Joseph Bradehoft

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Well, here we are. After fast-tracking through nearly two decades of bloodshed, we have reached the last victim of Jeffrey Lionel Dahmer. Many final victims unwittingly bring about their murderer’s downfall; Stephen Sinclair, for example, posthumously helped the police to catch Dennis Nilsen when the homicidal Scotsman flushed the young man’s dismembered flesh down the toilet. A plumber would later come across the remains, thus leading the police to net one of Britain’s worst murderers.

But the death of Joseph “Joe” Bradehoft barely caused a ripple in Dahmer’s life.

Mr. Bradehoft was originally from Illinois, but he came to Milwaukee to visit his brother and to seek work to support his family. He was married, but had seperated from his wife, and had three children.

He met Dahmer at a bus-stop on the nineteenth of July, 1991. The killer had recently been fired from his job at a chocolate factory (no, he wasn’t a taster) and wasn’t sleeping. He had even taken to watching “Exorcist III” on loop. Truly, he was in an unstoppable downward spiral.

And there stood Joseph Bradehoft at the bus-stop, minding his own business, with a six-pack under one arm.

Dahmer invited him back to his place, and offered him fifty dollars to seal the deal. (At the time, Dahmer was also mysteriously almost broke.) Mr. Bradehoft accepted and went back with him, where he was later slipped a drugged drink.

His head was discovered in the freezer a few days later.

Mr. Bradehoft’s death affected a great many people, one of whom was at the trial. Donald Bradehoft became overwhelmed whilst talking about his brother, and had to leave the stand midway through his victim impact statement, sobbing. Did Dahmer beg his forgiveness? Did he have a sudden, visible attack of remorse? Did he even have the decency to look ashamed?

Of course not, because that would have taken maturity and bravery. Jeff possessed neither.

Rest in peace, Mr. Bradehoft.

Nope. Just stared at the ground as usual.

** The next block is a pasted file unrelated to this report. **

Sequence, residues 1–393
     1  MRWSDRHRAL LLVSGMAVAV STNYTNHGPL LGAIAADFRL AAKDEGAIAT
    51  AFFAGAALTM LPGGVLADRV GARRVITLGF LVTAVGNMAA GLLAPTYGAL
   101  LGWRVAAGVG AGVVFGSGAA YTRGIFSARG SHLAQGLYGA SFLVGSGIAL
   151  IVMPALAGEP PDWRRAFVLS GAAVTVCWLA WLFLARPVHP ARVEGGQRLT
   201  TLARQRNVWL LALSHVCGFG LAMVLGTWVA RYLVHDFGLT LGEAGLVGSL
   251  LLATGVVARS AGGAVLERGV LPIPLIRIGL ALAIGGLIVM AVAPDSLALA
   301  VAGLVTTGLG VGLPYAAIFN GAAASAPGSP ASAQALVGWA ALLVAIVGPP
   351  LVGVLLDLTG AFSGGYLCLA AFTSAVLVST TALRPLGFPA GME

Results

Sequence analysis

And what of the three children left behind? What were they told when their father never came home? What about Mr. Bradehoft’s wife?

I hope they’re doing okay, wherever they are. No-one deserves to go through that.

Rest in peace, Mr. Bradehoft.

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7 Comments

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7 responses to “Joseph Bradehoft

  1. Tanya

    My name is Tanya and joseph bradehoft is my fathers cousin, my father was devastated when this happen mainly because Joe asked him to go with him out drinking that night and he couldn’t because my mother just had me! His family is doing wonderful even though we all think about him all the time we have made it through

    • My condolences. I’m sorry he was taken from your family so young, and I’m glad you were strong enough to live through it. Comments like this are pure gold to me, ‘cos it brings these beautiful people back to life, in a way. May God go with you and your people.

      • Tanya

        Thank you as I got older and when his kids would come over I would just think if I was born just a week later he’d still be here and my dad always said if I would of just went with him he’d still be here but then we both had to realize it’s not our faults that there are monsters like that in the world. And now when I see his pictures all I do is smile and talk to him because I know he is up there watching over all of us.

  2. Sometimes I talk to them, too. I’m not related to any of them, but occasionally I find myself chatting to them. I would have really liked to meet Jamie Doxtator and Konerak Sinthasomphone.

    • Tanya

      Yes me too! I would have loved to meet Joe but unfortunately I was just a baby but I have read all their stories and hope all their families are doing well.

  3. Robin Marcum

    How do I get in contact with this writer?

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